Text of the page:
UPDATE 2-Moody's cuts debt of Morgan Stanley, JPMorgan, Goldman, BNY Mellon

Thu Nov 14, 2013 8:25pm EST

(Adds history of Moody's action, details on ratings, background
on financial crisis)
    By David Henry
    NEW YORK, Nov 14 (Reuters) - Moody's Investors Service cut
the debt ratings for four big bank holding companies, including
Morgan Stanley and JPMorgan Chase & Co, citing
its increasing confidence that the U.S. government will not bail
out the companies if they fail.   
    The cuts may increase banks' borrowing costs and force them
to post more collateral in derivatives trades, weighing on their
profits. The downgrades also underscore how regulators are
successfully convincing at least some parts of the bond markets
that in a crisis, investors in the bank holding companies will
likely have to take losses. 
    The Federal Deposit Insurance Corp has hosted dozens of
meetings with bond investors, analysts, and other stakeholders
since last year to explain how this scenario would play out.
 In a statement on Thursday, Moody's Managing
Director Robert Young said that the U.S. government's bank
regulators have created a credible plan. 
    With the banks expected to receive less government support,
Moody's said it was cutting its ratings for holding companies
for Bank of New York Mellon Corp, Goldman Sachs Group
Inc,, JPMorgan Chase, and Morgan Stanley by one notch. 
    Moody's confirmed senior holding company ratings for Bank of
America Corp, Citigroup Inc, State Street Corp
 and Wells Fargo & Co. Representatives of Bank of
New York Mellon, Goldman Sachs and JPMorgan declined to comment.
A Morgan Stanley spokesman had no immediate comment.
    Under the plan created by the Federal Reserve and the FDIC,
the FDIC would take over a failing bank holding company, wiping
out the bank's shareholders and hitting some bondholders with
losses. The steps would keep the operating subsidiaries, such as
the deposit-taking banks, alive.
    Bond investors and bank executives are watching to see how
the liquidation plans might change how banks fund themselves -in
particular, how much debt banks might issue from their holding
companies, and how much their operating subsidiaries might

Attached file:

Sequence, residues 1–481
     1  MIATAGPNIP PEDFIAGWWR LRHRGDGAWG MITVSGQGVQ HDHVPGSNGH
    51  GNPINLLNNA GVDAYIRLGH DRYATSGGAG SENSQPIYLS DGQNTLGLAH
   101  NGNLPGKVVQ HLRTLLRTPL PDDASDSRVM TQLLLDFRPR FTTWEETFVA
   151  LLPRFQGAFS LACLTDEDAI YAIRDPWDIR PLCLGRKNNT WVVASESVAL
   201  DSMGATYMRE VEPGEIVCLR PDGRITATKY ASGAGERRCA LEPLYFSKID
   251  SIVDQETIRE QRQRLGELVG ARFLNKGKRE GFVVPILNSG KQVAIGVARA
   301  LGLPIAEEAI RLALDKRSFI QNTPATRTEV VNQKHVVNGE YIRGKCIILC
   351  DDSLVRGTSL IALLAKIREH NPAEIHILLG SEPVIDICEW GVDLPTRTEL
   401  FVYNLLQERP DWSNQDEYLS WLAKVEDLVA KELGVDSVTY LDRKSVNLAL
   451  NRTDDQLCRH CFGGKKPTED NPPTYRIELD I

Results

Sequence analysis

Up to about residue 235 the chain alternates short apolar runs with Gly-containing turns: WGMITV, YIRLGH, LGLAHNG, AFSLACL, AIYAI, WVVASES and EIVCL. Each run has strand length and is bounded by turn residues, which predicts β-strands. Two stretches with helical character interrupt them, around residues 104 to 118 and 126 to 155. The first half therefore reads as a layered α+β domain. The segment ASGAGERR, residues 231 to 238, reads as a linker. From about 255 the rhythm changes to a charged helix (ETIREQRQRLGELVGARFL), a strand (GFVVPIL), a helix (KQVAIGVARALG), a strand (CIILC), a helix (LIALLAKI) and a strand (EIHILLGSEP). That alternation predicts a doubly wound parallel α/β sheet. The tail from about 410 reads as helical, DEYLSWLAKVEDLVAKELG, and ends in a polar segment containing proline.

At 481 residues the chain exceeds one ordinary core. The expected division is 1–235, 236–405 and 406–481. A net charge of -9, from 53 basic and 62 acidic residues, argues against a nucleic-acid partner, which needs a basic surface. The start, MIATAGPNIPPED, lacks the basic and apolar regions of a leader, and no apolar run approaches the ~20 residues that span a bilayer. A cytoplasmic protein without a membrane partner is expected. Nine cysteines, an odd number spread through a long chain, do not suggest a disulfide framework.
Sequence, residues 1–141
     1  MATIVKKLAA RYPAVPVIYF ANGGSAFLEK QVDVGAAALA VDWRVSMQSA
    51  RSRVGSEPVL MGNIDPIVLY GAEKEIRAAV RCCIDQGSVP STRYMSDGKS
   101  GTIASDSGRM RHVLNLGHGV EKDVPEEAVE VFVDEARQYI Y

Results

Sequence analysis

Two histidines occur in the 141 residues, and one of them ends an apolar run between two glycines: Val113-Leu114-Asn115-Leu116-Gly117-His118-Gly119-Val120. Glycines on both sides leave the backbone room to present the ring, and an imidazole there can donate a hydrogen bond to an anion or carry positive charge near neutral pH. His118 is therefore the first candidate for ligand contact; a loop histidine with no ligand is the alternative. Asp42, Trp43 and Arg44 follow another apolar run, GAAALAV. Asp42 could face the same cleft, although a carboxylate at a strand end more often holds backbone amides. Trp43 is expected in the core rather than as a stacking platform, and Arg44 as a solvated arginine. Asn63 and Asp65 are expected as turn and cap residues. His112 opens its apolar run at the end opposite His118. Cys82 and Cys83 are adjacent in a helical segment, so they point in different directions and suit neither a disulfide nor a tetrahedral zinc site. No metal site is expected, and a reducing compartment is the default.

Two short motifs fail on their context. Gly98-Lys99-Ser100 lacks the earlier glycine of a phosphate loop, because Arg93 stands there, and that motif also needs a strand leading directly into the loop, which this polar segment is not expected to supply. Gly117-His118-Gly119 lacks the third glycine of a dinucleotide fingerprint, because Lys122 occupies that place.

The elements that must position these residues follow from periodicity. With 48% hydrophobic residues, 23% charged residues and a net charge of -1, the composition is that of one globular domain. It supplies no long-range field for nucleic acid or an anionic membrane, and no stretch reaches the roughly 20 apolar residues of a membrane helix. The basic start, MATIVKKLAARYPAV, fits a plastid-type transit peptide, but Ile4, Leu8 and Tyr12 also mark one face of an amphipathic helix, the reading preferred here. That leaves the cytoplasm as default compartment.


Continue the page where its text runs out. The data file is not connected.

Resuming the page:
issue. David Fanger, a Moody's senior vice president, said in an
interview that debt from the subsidiaries has become more
creditworthy as the government has developed liquidation plans
to focus on the holding companies.
    The Fed plans to issue a proposal to require the largest
banks to issue minimum amounts of long-term, unsecured debt from
their holding companies to absorb losses in a liquidation.
    The federal government was forced to bail out a number of
major banking and insurance companies starting in 2008, as the
world's financial system stood at the brink of disaster. That
prompted demands for rules that would prevent a repetition of
any situation in which a company would be deemed "too big to
fail." 
    Downgrades often increase a company's borrowing costs over
time, but given that banks have so many subsidiaries that can
issue debt, the impact of a holding company downgrade may not
always be dramatic. 
    Banks also often have to post more collateral to support
derivatives trades when they are downgraded. But because many
banks trade the instruments in operating subsidiaries instead of
their holding companies, these downgrades may not force big
collateral postings.     

    'AMONG THE MOST IMPORTANT GOALS'
    At a Senate confirmation hearing today, Federal Reserve
chairman nominee Janet Yellen said that "addressing too-big-to-
fail has to be among the most important goals of the post-crisis
period." 
    Regulators have acknowledged that one issue with the
liquidation plans replacing too-big-to-fail bailouts is how to
coordinate actions with authorities abroad when troubled banks
have operations in multiple countries. Another issue is, how to
liquidate banks if they all fail at the same time and there are
few buyers for assets, which can happen during a crisis. 
    Bank of America and Citigroup holding company ratings were
not changed because their underlying strength improved enough to
offset Moody's lower expectation of government support.  Bank of
America's capital strength is better, its risk of major losses
is down and its expenses are declining, Moody's said.
    Citigroup's balance sheet is stronger and it is more
reliably profitable, the ratings agency said.
    But Moody's lifted the long-term deposit ratings for both
Bank of America and Citigroup's bank subsidiary units. 
    Moody's telegraphed the likelihood of its cutting bank
holding company ratings in August. 
    With the cut, the holding company for Morgan Stanley is now
rated the same as Bank of America's and Citigroup's holding
companies: Baa2, or two steps above junk status. Goldman was cut
to a level three steps above junk, while Wells Fargo remains
five steps above. BNY Mellon is six steps above.
     
   Below are the ratings for long-term senior unsecured debt for
the bank holding companies.  
 Bank Holding Company          New Rating  Old Rating
 Bank of America Corp          Baa2        Baa2
 Bank of New York Mellon Corp  A1          Aa3
 Citigroup Inc                 Baa2        Baa2
 Goldman Sachs Group Inc       Baa1        A3
 JPMorgan Chase & Co           A3          A2
 Morgan Stanley                Baa2        Baa1
 State Street Corp             A1          A1
 Wells Fargo & Co              A2          A2
                                           
                                           
                                           
 

    

 (Reporting by David Henry, Lauren Tara LaCapra and Peter
Rudegeair in New York and Douwe Miedema in Washington.; Editing
by Dan Wilchins, Gary Hill, James Dalgleish and Eric Walsh)